Authors: Denise F. Lillvis, Robert J. McGrath
“State medical boards are increasingly responsible for regulating medical and osteopathic licensure and professional conduct in the United States. Yet, there is great variation in the extent to which such boards take disciplinary action against physicians, indicating that some boards are more zealous regulators than others. We look to the political roots of such variation and seek to answer a simple, yet important, question: are nominally apolitical state medical boards responsive to political preferences?”
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Mitochondrial Donation — Clearing the Final Regulatory Hurdle in the United Kingdom

NEJM, 28 December 2016
Authors: Mary Herbert, Doug Turnbull
“No other IVF-based technique has undergone the intense scrutiny that has been applied to mitochondrial donation. This is, in part, because of the ethical and regulatory issues that are unique to this technique. In the United Kingdom, mitochondrial donation — which is both critical and central to this IVF-based technique — required a change in the law. Scientific progress in this area has also been a focus of the U.S. National Academy of Medicine at the request of the Food and Drug Administration.”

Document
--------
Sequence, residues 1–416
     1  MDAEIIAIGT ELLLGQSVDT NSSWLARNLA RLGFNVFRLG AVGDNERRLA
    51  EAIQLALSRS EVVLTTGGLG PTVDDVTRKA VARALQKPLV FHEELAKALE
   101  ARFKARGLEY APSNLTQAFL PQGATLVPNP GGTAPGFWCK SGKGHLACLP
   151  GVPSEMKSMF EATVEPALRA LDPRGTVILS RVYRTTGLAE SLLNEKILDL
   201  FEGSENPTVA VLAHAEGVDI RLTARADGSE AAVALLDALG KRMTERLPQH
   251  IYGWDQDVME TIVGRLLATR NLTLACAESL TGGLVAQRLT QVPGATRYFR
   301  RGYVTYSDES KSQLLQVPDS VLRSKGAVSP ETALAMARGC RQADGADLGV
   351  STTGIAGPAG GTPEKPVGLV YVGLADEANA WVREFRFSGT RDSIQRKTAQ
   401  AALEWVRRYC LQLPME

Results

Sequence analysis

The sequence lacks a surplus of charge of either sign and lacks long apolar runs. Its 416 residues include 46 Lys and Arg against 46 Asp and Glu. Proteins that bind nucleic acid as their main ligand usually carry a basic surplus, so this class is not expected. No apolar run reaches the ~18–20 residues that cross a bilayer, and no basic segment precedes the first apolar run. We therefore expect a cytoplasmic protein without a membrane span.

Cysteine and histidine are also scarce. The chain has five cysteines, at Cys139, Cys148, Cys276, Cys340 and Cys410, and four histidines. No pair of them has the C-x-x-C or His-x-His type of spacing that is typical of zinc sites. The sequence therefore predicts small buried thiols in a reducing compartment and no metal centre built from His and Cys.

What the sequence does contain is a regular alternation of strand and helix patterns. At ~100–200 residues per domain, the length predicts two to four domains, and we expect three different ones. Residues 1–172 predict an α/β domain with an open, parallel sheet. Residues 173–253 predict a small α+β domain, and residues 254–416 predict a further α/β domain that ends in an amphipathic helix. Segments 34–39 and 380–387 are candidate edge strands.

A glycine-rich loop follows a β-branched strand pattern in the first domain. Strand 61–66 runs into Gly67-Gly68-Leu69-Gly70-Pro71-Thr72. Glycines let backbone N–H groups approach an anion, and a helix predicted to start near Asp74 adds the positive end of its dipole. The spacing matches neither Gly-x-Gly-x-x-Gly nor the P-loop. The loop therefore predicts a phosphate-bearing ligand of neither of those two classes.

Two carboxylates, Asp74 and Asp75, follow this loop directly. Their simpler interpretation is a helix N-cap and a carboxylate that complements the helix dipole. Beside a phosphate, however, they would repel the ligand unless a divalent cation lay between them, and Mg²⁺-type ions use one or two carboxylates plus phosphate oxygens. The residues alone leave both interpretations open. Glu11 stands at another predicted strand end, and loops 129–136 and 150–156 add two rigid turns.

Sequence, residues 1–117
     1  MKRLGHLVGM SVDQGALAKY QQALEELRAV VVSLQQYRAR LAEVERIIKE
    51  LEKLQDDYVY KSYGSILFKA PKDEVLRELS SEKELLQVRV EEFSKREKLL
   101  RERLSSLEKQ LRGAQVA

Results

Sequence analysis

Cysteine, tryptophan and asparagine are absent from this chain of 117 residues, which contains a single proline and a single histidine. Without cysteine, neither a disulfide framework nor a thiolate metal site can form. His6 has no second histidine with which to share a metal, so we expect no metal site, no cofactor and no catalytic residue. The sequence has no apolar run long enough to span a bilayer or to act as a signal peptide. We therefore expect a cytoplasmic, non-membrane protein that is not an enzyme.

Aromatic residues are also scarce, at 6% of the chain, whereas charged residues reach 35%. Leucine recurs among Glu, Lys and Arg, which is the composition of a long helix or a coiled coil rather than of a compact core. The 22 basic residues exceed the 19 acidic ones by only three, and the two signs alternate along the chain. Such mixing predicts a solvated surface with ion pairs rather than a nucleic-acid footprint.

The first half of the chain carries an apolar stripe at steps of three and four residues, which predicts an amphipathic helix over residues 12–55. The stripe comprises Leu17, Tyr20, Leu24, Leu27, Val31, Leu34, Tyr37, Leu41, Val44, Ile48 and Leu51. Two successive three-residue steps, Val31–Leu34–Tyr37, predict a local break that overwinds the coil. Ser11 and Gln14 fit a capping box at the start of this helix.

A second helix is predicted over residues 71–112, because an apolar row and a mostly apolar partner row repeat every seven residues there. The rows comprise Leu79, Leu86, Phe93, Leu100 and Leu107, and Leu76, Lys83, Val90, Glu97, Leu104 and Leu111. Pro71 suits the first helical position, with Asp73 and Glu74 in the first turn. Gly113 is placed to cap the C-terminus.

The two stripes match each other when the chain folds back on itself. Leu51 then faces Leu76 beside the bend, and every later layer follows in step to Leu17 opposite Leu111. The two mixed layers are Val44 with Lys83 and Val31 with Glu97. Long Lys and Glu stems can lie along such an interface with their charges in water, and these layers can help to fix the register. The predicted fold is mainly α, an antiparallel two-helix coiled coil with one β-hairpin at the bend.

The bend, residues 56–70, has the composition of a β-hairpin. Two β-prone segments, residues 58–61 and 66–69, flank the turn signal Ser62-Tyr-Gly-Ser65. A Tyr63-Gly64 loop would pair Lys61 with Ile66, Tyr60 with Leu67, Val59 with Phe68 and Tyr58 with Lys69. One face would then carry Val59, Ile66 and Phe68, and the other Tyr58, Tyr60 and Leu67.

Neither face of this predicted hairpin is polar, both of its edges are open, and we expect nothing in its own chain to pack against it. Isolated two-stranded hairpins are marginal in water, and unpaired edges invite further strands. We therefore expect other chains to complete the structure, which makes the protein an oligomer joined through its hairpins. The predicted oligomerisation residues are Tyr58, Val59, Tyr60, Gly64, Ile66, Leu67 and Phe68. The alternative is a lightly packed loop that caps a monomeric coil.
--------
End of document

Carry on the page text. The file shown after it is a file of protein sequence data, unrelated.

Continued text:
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Drugmakers await FDA guidance on ‘off-label’ uses of medicines

The Hill, 19 December 2016
Author: Sarah Chacko
“Doctors commonly prescribe drugs to treat conditions the medications weren’t designed for, but for drugmakers, discussing such “off-label” uses can lead to trouble. As a result, drugmakers have been pushing both the Food and Drug Administration and lawmakers to draw clearer lines around communicating about unapproved uses of their products, particularly since it affects what companies can tell insurers. Such information is used to negotiate prices for covered medical products and their place in certain payment models.”